Afterfall: InSanity Review

The primary thrust of the game is moving through creepy environments, on the way to completing an important objective like shutting down ventilation systems or cooling reactors or escaping on elevators. Afterfall likes to ambush you with multiple screaming enemies who attack you with melee weapons of their own, and these can be pretty creepy at times, especially when enemies find way to flank you without you knowing they’re there. Combat itself, on the other hand, gets a little more harrowing against larger enemies, but usually just requires some blocking before returning fire with huge swings toward the facial regions of your enemies.

The game also includes a mechanic called “Fearlock,” which is supposed to represent Tokaj’s level of fear at any given moment. If something gruesome or harrowing happens, Tokaj might slip into Fearlock, which makes his attacks more powerful but his aim with firearms much messier. Like much of the combat system, Fearlock feels a little half-baked — it doesn’t really have a major effect on how the game plays or force you to adjust your style much at all. In general, combat in Afterfall feels like a series of good ideas, none of which received full attention. They work, but they don’t work especially cohesively, making most combat just passable.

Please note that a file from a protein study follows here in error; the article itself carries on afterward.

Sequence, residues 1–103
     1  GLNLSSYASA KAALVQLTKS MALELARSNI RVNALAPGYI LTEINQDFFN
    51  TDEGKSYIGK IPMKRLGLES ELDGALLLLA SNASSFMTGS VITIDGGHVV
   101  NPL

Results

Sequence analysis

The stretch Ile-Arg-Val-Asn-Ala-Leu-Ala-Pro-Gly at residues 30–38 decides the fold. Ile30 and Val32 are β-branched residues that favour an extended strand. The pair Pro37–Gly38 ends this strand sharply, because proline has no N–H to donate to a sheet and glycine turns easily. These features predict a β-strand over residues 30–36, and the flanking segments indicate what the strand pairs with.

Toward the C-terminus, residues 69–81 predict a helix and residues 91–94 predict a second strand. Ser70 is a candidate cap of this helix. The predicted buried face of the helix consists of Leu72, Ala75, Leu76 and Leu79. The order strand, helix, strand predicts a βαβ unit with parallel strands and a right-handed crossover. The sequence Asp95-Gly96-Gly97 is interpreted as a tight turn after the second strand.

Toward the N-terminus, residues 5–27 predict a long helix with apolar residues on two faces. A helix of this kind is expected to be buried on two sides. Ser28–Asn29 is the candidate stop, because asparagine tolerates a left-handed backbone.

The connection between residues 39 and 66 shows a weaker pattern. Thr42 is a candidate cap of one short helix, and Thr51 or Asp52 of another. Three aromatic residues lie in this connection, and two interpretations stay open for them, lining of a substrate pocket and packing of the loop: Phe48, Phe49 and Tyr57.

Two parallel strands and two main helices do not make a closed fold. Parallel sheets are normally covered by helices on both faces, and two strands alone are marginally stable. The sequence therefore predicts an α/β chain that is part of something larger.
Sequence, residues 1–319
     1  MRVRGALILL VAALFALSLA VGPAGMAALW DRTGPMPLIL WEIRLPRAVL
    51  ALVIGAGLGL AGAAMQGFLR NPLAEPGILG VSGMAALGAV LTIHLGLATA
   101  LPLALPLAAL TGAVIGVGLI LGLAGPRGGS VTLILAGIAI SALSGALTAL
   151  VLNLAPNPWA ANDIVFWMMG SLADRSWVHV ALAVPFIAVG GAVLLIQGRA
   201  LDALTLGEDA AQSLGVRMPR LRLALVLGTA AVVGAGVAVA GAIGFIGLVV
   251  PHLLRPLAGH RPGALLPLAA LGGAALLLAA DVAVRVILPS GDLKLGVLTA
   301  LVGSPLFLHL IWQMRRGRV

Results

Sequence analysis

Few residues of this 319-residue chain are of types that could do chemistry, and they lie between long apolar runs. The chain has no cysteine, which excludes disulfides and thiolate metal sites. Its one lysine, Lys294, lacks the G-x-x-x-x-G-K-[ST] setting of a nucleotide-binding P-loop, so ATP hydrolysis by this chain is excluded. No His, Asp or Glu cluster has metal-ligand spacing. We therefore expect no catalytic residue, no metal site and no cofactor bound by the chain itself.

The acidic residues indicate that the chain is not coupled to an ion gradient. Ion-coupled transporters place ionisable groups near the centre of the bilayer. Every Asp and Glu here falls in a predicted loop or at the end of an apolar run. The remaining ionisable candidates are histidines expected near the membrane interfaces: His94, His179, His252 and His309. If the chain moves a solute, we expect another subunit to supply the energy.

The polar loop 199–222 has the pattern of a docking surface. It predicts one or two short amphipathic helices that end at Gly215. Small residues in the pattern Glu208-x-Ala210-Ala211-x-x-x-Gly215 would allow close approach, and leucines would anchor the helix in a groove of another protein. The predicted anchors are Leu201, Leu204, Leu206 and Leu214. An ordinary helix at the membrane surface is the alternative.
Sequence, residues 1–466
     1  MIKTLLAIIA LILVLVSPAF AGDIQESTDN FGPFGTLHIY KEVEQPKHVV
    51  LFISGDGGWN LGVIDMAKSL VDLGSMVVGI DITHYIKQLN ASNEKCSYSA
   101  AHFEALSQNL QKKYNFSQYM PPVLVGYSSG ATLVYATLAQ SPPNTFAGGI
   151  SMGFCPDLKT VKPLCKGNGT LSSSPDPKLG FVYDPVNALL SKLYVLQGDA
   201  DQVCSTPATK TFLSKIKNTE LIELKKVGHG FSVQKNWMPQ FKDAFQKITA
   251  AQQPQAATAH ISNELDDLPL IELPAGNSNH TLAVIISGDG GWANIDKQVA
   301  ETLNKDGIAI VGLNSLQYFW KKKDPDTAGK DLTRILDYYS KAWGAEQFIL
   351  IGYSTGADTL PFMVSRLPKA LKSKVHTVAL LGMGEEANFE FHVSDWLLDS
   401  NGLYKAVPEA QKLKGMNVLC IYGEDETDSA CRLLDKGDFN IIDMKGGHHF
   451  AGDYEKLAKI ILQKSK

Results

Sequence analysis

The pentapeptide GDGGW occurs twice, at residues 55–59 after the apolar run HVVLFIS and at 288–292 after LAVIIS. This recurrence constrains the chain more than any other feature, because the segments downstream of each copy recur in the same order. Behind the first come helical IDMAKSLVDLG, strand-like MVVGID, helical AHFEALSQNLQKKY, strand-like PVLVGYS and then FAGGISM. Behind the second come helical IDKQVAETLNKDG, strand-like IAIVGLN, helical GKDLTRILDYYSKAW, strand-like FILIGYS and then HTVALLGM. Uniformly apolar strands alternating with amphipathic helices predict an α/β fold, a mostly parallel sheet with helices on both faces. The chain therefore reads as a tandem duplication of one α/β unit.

Afterfall scores points in the atmosphere department, however. Much of the sound design and music composition are extremely good, even if most of those spooky sounds you hear just on the other side of a door or wall never actually pay off. The world feels expansive while claustrophobic, and some of the bigger sequences just sound great.

And there are some moments of Afterfall in which the game is just beautiful. Toward the end, specifically, the art design really opens up and there are a few moments in which I stopped and took stock of my surroundings. There were also some clever uses of light and dark mechanics, especially near the end, that felt brilliantly applied (in fact, that last level in general was pretty great, period). Characters and their animations are usually competent if stilted, but the environments and the graphics that go with them are sometimes borderline breathtaking.

That’s really the story of my experience with Afterfall. From a standpoint of ambition and vision, the game is interesting and gets a pass or two on mechanics that don’t feel as well-conceived. It would be easy to take a more cynical view of the game, and in doing so, pan it; it’s not always a great experience. It’s not always full of triple-A polish.

But considering its origins — the game started as a fan project that was grabbed by Nikolas Games in 2008, it’s an indie, and it’s foreign (which accounts for a lot of some of the weaker voice acting) — Afterfall pushes the envelope and gets some things really right. And you can feel the work and the passion that went into the project. If this were a title that came from Visceral Games, the makers of Dead Space, with EA’s backing, I’d expect more polish and stronger mechanics. But while it’s by no means perfect, Afterfall shows a whole lot of promise and some really smart and interesting design besides.